Screen time for children shot up significantly during the first wave of the COVID-19 pandemic, with kids spending roughly 5.9 hours a day looking at screens, nearly three times the recommended amount, according to a recent study led by researchers at Western University.
Current guidelines from the Canadian Paediatric Society recommend no more than two hours a day of media screen time in children over five years old, according to the study.
The increase is being attributed in part to higher parental stress levels, parents working from home and balancing domestic duties, the switch to remote learning, and cancelled activities outside the home.
The study’s co-author, Western education professor and Canada Research Chair Emma Duerden, said the findings of the study were surprising.
“It ended up being quite statistically significant…. We did have parents reporting in the study that sometimes their children were watching screens for as many as 13 hours a day,” Duerden said Thursday in an interview with 980 CFPL’s Mike Stubbs.
For the study, to be printed in December’s Journal of Affective Disorders Reports, researchers surveyed dozens of Ontario parents between June 2 and Aug. 2 of 2020 via an online questionnaire. In all, 104 parents were enrolled and 73 completed the survey.
The parents were asked questions about changes to the screen time use of their children, aged six to 12, and their child’s activities prior to as well as during the pandemic, specifically March to July of 2020.
“This was a crisis time when parents and children went home, schools were closed, parents were required to work from home, juggle both work and school commitments,” Duerden said.
Parents were also asked to complete a Perceived Stress Scale measuring their current stress levels, and were asked questions focusing on their and their child’s experience with remote learning, and their parenting behaviours.
Researchers found that, on average, the time children spent watching content on screens and playing video games during leisure time rose from an average of 2.6 hours per day pre-pandemic to 5.9 hours per day during the pandemic.
At the same time, 30.7 per cent of parents reported being moderately stressed at the time of the survey, while 28 per cent reported being highly stressed. Only 21.3 per cent reported having low stress. The researchers note they did not assess the parents’ pre-pandemic stress levels.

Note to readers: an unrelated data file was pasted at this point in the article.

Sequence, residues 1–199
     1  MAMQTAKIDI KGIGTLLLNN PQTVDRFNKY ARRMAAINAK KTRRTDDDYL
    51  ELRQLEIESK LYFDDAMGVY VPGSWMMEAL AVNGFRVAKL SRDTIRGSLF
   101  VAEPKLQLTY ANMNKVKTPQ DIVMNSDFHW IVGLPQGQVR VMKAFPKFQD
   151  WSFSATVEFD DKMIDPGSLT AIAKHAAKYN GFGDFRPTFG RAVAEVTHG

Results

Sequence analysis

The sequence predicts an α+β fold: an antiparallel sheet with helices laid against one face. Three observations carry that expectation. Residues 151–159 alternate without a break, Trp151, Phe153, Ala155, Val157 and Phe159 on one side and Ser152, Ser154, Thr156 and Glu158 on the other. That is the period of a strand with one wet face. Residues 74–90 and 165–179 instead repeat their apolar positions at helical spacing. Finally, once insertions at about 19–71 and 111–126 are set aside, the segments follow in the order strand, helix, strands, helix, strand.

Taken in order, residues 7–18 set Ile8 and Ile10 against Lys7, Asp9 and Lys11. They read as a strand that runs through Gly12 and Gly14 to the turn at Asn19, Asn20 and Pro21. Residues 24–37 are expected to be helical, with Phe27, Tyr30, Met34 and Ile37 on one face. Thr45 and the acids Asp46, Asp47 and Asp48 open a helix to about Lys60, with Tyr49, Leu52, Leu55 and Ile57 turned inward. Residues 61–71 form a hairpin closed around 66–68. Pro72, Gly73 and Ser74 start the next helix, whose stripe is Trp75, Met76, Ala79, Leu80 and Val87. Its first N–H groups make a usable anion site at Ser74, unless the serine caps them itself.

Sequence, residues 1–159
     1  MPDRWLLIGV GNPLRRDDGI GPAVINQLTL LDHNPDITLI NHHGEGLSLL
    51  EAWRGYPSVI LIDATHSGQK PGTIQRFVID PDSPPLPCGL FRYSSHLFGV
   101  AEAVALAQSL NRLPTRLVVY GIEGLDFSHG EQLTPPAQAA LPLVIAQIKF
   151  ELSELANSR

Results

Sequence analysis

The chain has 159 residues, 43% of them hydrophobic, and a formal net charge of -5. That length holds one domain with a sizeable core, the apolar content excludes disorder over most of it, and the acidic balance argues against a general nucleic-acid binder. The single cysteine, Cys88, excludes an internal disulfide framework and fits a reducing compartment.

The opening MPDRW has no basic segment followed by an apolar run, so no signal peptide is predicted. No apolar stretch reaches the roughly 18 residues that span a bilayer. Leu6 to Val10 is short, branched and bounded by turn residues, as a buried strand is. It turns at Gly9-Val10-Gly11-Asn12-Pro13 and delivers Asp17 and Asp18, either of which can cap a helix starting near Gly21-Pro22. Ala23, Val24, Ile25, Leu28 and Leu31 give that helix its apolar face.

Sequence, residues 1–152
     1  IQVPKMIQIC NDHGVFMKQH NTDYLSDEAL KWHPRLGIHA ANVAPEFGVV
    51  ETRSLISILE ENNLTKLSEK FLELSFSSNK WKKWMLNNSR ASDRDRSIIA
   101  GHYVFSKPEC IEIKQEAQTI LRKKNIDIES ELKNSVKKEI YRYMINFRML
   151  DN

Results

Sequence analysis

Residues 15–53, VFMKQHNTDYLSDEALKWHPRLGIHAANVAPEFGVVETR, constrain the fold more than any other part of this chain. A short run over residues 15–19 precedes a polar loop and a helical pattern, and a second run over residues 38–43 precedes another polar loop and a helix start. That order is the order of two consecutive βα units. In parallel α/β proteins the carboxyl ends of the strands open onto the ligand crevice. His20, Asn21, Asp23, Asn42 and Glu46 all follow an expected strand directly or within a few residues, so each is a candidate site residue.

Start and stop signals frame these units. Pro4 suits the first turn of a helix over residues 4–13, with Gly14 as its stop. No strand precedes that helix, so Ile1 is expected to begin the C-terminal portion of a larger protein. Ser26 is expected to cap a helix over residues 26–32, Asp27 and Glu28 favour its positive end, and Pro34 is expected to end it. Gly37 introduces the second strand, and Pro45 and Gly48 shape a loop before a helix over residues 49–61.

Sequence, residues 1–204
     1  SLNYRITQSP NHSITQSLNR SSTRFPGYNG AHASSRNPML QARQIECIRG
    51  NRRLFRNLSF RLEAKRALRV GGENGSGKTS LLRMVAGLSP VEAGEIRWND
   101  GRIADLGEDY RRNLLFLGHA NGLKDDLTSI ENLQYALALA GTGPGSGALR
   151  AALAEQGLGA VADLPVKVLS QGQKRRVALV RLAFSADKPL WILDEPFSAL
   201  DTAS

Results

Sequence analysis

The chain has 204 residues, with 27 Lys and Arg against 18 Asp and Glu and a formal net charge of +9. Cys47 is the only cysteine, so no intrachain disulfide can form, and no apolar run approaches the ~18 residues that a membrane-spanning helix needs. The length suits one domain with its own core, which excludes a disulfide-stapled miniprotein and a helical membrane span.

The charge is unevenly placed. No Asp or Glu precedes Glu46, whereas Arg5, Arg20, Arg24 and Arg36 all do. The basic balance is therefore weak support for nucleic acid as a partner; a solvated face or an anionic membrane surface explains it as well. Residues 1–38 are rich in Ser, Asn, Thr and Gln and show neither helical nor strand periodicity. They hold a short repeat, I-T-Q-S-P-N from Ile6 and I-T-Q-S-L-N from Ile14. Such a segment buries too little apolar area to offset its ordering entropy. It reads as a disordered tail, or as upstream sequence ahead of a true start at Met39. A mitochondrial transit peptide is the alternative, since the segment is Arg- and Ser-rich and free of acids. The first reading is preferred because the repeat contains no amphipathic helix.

The study concluded that higher stress levels in parents were associated with increased hours of screen use in children, with smaller screen time increases observed in the initial months of the pandemic when greater parental attention and involvement was reported.
“I guess the main concern is that our study and other studies around the world demonstrated that, during the pandemic, screen time went up and then physical activity decreased,” Duerden said.
“When we’re sitting watching a screen, we’re not doing other behaviours like doing sports or interacting with others, things that we know are really important for healthy brain development.
“We also know from other research that it’s associated with higher rates of loneliness, and even some research suggesting that a greater reliance on screens and smartphones in children is associated with even anxiety and depression in children.”
Duerden said researchers are conducting another study looking at the 2020-21 and 2021-22 school years to see if the screen trends stay the same, and how they may be connected to school-related stress and children’s overall cognitive health.
In addition, the issue of growing and prolonged screen time for children has also elicited concern from eye doctors about what effect it may be having on eyesight.
Earlier this month, in marking World Sight Day, the head of the Canadian Ophthalmological Society attributed an increase in diagnosed myopia cases to increased screen time.
“Due to the pandemic, some Canadians were hesitant to go for their annual/biannual checkups, and as a result, we’ve seen an increase in eye health issues and that prolonged screen time is a key factor in the increase of conditions such as myopia (nearsightedness),” Dr. Colin Mann said in a statement.
In August, a survey by the society found that one-third, 34 per cent, of respondents reported experiencing worsened eyesight, dry eye or other eye health changes during the pandemic.
Michael Nelson, president of the Canadian Association of Optometrists, told Global News in March that most eye issues related to screen use will clear up when screen use is limited, but not all.
He added that myopia management was a “huge, growing area in our field” and that the World Health Organization had identified it as a global issue.
“The (incidence) of myopia worldwide is increasing, definitely. Globally, we’ve identified that and that’s why there’s a lot of research going into this area,” he said.
One suggestion to slow down the progression of myopia is to spend more time outdoors.
–with files from Jacquelyn LeBel